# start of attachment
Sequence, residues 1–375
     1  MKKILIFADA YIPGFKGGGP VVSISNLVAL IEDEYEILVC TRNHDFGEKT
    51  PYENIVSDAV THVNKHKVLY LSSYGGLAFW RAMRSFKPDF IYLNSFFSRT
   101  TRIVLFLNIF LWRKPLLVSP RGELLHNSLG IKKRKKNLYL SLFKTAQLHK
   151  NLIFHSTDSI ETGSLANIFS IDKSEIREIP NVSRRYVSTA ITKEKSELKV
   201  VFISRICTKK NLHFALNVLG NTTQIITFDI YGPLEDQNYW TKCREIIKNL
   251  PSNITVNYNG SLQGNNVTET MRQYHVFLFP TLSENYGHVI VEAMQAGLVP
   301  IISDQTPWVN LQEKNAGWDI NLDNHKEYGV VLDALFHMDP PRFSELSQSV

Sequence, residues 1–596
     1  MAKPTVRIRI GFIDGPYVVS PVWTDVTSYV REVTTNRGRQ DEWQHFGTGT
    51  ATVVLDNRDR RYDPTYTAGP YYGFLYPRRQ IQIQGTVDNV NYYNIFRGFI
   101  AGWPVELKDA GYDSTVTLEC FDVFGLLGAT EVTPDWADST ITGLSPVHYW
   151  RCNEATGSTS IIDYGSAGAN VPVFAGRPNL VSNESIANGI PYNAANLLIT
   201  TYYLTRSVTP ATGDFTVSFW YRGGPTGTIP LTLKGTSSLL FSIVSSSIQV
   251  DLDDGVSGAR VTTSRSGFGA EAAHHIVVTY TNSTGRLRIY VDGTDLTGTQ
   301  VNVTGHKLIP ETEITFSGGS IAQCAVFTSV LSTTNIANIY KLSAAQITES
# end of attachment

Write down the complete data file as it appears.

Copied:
Sequence, residues 1–375
     1  MKKILIFADA YIPGFKGGGP VVSISNLVAL IEDEYEILVC TRNHDFGEKT
    51  PYENIVSDAV THVNKHKVLY LSSYGGLAFW RAMRSFKPDF IYLNSFFSRT
   101  TRIVLFLNIF LWRKPLLVSP RGELLHNSLG IKKRKKNLYL SLFKTAQLHK
   151  NLIFHSTDSI ETGSLANIFS IDKSEIREIP NVSRRYVSTA ITKEKSELKV
   201  VFISRICTKK NLHFALNVLG NTTQIITFDI YGPLEDQNYW TKCREIIKNL
   251  PSNITVNYNG SLQGNNVTET MRQYHVFLFP TLSENYGHVI VEAMQAGLVP
   301  IISDQTPWVN LQEKNAGWDI NLDNHKEYGV VLDALFHMDP PRFSELSQSV

Sequence, residues 1–596
     1  MAKPTVRIRI GFIDGPYVVS PVWTDVTSYV REVTTNRGRQ DEWQHFGTGT
    51  ATVVLDNRDR RYDPTYTAGP YYGFLYPRRQ IQIQGTVDNV NYYNIFRGFI
   101  AGWPVELKDA GYDSTVTLEC FDVFGLLGAT EVTPDWADST ITGLSPVHYW
   151  RCNEATGSTS IIDYGSAGAN VPVFAGRPNL VSNESIANGI PYNAANLLIT
   201  TYYLTRSVTP ATGDFTVSFW YRGGPTGTIP LTLKGTSSLL FSIVSSSIQV
   251  DLDDGVSGAR VTTSRSGFGA EAAHHIVVTY TNSTGRLRIY VDGTDLTGTQ
   301  VNVTGHKLIP ETEITFSGGS IAQCAVFTSV LSTTNIANIY KLSAAQITES